There are multiple strategies for discovering novel epigenetic alterations in brain tumors. One approach is to examine candidate loci that are affected by deletion or mutation on one allele, based on the idea that DNA hypermethylation might inactivate the other allele, leading to complete silencing or loss of normal function. This candidate gene strategy is more likely to discover hypermethylation of tumor suppressors rather than hypomethylation events. A more unbiased approach is to scan the entire genome for both hyper- and hypomethylation events. For gliomas, this was approached first through the use of methyl-sensitive restriction enzymes using restriction landmark genomic scanning (RLGS).89-94 Newer methods such as reduced representation bisulfite sequencing95 and methylated DNA immunoprecipitation (MeDIP) combined with DNA microarrays96 or massively parallel sequencing97 more completely interrogate the epigenome and are poised to dramatically augment our understanding of epigenetic dysregulation in gliomas and other cancers.
An additional approach to uncovering epigenetically altered genes is to treat cells with the DNMT1 inhibitor 5-aza-2′-deoxycytidine (5-aza) and/or the histone deacetylase inhibitor trichostatin A (TSA) followed by gene expression microarray analysis.98 This strategy identified brain expressed X-linked 1 (BEX1) and 2 (BEX2) as candidate tumor suppressors in glioma99 and SPINT2 in medulloblastoma.100 Another study identified >160 genes upregulated by combined 5-aza and TSA treatment in glioma cell lines and provided evidence that several of the epigenetically silenced loci are aberrantly methylated by the combined action of DNMT1 and DNMT3B, whereas others are regulated only by a single DNMT.101 5-aza treatment of short-term cultured primary GBMs identified two genes, runt-related transcription factor 3 (RUNX3) and testin (TES), with aberrant methylation.102 In this chemical approach, numerous genes may be activated indirectly. Thus, follow-up analyses of the epigenetic marks at the activated genes in primary tumors are essential.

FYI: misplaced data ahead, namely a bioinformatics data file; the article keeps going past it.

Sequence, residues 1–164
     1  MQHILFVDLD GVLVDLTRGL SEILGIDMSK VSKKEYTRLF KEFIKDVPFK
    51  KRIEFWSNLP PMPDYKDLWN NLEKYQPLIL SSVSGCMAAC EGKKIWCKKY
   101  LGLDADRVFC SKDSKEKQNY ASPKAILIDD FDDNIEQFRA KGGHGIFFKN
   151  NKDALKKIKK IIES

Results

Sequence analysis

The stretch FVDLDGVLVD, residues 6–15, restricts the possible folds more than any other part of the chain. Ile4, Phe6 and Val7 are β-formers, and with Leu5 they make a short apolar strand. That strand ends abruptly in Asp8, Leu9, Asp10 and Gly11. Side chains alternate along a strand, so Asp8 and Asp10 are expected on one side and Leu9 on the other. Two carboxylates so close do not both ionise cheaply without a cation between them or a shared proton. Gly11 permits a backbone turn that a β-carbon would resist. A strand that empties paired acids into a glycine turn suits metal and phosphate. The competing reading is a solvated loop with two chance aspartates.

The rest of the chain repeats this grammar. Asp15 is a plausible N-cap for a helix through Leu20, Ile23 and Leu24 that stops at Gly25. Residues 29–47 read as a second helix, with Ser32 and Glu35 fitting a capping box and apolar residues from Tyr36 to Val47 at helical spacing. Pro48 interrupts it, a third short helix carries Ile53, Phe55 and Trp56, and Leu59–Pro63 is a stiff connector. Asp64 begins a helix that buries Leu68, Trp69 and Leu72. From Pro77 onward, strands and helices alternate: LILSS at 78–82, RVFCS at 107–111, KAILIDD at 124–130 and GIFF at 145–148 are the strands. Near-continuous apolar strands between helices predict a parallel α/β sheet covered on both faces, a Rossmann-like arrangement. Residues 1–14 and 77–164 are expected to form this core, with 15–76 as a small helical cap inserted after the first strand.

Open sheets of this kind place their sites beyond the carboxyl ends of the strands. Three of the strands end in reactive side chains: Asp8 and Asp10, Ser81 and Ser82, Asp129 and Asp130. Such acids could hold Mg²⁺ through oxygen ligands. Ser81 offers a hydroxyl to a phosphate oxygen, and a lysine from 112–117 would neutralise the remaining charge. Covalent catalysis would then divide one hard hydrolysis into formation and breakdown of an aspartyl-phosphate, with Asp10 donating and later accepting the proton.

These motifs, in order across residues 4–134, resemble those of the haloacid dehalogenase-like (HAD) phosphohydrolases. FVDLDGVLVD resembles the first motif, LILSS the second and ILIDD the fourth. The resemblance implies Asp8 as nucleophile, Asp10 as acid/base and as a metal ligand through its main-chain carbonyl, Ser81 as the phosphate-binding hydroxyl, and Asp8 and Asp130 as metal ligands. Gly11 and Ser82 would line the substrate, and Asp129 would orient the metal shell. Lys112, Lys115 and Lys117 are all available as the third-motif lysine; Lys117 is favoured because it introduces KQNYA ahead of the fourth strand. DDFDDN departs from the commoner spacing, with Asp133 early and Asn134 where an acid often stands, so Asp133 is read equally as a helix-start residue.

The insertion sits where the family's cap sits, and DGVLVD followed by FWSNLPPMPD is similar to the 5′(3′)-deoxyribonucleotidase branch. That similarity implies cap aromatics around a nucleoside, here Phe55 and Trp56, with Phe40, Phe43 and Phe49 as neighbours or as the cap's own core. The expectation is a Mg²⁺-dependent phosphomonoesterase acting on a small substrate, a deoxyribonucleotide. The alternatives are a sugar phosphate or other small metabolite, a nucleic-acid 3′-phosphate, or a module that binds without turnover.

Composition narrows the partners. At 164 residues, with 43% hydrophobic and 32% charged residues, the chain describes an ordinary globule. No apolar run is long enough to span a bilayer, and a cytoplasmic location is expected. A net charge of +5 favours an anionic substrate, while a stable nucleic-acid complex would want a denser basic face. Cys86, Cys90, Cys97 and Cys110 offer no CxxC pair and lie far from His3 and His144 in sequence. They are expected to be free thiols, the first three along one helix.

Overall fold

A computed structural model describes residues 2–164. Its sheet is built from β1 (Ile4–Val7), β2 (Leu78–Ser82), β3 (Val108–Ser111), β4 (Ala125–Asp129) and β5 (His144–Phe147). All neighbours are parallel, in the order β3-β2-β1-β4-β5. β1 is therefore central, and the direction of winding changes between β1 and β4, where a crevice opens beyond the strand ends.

In addition to DNA hypermethylation, cancer genes can be silenced or activated by aberrant patterns of histone modifications, either alone, or in combination with DNA methylation. Silenced CGI promoters, for example, are characterized by increased histone H3K9 methylation and loss of H3K9 acetylation. In embryonic stem cells, the dual presence of inactivating H3K27 methylation and activation-associated H3K4 methylation, called bivalent domains, is thought to create a “poised” chromatin state for developmentally regulated genes, allowing silencing in embryonic stem cells and subsequent transcriptional activation or repression in differentiated cells.103 Bivalent domains, along with additional repressive marks (dimethylated H3K9 and trimethylated H3K9), are found in embryonal carcinoma cells at genes that are frequently silenced by DNA hypermethylation in adult human cancer cells. These histone modifications are hypothesized to predispose tumor suppressor genes to DNA hypermethylation and heritable gene silencing.104 Trimethylation of H3K27 marks silenced genes in the absence of DNA hypermethylation, although this has not yet been shown in gliomas.